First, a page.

The method of treatment of the present invention consists of the daily administration to patients suffering from mast cell disease of from about 1 to about 150 mg of a pure narcotic antagonist. As used herein, the term "pure narcotic antagonist" refers to substances which block or reverse the effects of exogenous or endogenous opioids or opiates while having no intrinsic narcotic agonist activity themselves.
The oral route of administration is preferred so that the patient can self-medicate safely and conveniently. A number of the pure narcotic antagonists, for example nalmefene and naltrexone, are highly effective and substantially bioavailable when administered orally. For purposes of the present invention, however, any of the pure narcotic antagonists may be administered parenterally or via other routes of administration as well (e.g., transmucosally), as long as adequate blood levels are achieved.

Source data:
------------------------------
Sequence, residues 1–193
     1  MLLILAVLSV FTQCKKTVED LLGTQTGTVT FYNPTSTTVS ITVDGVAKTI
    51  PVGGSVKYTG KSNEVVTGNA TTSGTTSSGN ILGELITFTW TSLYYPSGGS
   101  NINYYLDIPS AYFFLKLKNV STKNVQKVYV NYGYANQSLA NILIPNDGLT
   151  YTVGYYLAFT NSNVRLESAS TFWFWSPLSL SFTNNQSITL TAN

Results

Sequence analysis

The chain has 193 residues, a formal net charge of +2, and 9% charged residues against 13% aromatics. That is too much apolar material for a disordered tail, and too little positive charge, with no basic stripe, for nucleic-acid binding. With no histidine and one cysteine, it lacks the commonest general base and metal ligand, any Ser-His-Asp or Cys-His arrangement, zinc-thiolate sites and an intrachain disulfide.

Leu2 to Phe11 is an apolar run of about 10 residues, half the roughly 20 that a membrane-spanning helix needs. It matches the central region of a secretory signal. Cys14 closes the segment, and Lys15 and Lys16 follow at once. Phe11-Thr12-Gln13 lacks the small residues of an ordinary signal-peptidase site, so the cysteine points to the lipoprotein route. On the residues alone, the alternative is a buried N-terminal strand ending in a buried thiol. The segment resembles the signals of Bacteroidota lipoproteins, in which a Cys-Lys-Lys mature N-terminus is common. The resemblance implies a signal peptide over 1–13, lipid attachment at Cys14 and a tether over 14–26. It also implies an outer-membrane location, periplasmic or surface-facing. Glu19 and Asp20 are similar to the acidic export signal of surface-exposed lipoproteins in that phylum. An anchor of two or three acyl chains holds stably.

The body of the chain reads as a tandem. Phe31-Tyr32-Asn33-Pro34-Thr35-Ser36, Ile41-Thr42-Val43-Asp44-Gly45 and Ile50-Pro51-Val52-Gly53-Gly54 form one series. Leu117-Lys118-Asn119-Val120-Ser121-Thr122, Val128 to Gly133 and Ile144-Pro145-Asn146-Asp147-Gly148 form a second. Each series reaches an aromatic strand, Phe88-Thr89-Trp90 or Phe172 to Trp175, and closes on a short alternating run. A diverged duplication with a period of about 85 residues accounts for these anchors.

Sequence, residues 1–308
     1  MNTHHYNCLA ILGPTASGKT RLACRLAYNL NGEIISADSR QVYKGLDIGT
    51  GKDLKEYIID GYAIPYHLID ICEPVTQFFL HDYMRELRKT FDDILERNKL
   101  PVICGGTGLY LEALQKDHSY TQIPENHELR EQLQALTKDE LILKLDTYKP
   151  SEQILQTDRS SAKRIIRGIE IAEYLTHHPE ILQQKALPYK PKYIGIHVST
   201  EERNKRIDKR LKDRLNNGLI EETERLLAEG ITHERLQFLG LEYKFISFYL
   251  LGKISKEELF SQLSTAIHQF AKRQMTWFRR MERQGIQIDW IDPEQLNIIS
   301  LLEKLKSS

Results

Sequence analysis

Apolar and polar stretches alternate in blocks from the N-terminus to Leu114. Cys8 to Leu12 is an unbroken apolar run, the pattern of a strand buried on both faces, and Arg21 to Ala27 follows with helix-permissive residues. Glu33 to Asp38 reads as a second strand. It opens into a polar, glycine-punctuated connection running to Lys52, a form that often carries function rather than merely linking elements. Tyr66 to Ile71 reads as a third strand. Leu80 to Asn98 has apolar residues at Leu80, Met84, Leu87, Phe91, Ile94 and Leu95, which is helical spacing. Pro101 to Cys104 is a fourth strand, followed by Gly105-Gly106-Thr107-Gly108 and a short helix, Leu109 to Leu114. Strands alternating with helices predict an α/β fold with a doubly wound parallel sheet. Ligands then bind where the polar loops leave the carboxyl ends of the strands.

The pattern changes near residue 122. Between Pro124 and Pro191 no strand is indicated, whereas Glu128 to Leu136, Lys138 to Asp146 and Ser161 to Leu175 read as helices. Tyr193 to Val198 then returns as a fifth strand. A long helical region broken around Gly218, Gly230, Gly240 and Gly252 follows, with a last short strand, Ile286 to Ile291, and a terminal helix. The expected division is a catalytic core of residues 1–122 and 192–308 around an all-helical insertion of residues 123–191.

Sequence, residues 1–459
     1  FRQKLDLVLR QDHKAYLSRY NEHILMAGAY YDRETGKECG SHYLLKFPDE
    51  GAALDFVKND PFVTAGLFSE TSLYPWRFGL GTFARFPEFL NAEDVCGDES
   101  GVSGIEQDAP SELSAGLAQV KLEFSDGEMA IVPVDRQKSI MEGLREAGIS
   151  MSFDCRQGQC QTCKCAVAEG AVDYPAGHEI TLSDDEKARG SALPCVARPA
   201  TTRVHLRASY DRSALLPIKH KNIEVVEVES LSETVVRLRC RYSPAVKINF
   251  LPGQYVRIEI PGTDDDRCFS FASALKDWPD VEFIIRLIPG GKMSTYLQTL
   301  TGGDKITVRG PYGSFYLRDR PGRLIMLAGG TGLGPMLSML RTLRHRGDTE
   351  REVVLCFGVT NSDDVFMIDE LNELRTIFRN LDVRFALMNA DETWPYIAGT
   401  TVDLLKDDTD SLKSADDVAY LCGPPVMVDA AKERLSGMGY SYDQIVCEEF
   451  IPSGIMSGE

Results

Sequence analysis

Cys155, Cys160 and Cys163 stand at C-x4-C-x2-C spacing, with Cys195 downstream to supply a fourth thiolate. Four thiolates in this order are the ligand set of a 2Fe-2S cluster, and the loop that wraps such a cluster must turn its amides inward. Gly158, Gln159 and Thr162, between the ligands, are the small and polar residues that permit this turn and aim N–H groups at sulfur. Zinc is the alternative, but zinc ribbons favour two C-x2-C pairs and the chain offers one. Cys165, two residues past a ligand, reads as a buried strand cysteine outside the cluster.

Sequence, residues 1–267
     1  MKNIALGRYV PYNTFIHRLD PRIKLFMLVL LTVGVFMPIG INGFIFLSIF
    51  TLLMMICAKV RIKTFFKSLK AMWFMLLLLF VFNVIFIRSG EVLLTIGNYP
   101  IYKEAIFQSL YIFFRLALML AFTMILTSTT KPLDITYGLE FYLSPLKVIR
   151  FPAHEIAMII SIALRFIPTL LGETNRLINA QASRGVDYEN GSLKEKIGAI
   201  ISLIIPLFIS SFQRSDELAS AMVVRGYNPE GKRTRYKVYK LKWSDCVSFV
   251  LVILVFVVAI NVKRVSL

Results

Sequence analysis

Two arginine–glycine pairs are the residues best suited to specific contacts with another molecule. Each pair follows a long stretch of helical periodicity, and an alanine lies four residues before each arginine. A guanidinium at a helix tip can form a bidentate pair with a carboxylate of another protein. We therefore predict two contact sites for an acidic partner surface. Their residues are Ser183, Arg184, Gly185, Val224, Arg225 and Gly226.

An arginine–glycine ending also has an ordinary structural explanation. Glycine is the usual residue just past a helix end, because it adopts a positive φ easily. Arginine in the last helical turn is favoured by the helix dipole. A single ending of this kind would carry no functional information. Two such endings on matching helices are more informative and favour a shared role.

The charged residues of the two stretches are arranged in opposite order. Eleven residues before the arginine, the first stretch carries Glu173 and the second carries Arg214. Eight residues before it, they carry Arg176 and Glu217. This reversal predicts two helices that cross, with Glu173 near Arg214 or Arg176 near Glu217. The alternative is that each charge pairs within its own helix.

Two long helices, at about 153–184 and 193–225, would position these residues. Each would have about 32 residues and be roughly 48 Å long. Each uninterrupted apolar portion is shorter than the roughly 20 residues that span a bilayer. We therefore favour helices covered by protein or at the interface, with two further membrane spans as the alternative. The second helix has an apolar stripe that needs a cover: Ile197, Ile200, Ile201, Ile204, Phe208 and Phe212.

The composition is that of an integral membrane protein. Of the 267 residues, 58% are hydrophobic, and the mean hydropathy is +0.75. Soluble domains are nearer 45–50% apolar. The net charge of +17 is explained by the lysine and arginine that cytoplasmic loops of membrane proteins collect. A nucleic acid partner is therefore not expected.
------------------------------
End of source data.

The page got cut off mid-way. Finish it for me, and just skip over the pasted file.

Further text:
Any pure narcotic antagonist may be used in the method of the present invention, but not mixed agonist-antagonists. Such pure narcotic antagonists include, by way of example but not limitation, naloxone, nalmefene, naltrexone and diprenorphine. Preferred agents are those which are orally active and which have a long duration of action, in particular nalmefene and naltrexone.
In accordance with the present invention, the pure narcotic antagonist may be administered to patients suffering from mast cell disease in any conventional oral, parenteral, transmucosal, transdermal or other known dosage form. Oral dosage forms may include conventional tablets, capsules, caplets, pills, liquids (solutions, suspensions or elixirs) and the like, including generally from about 0.5 to about 75.0 mg of the antagonist per dosage unit together with suitable, pharmaceutically-acceptable excipients, binders, sweeteners, coloring agents and other conventional additives.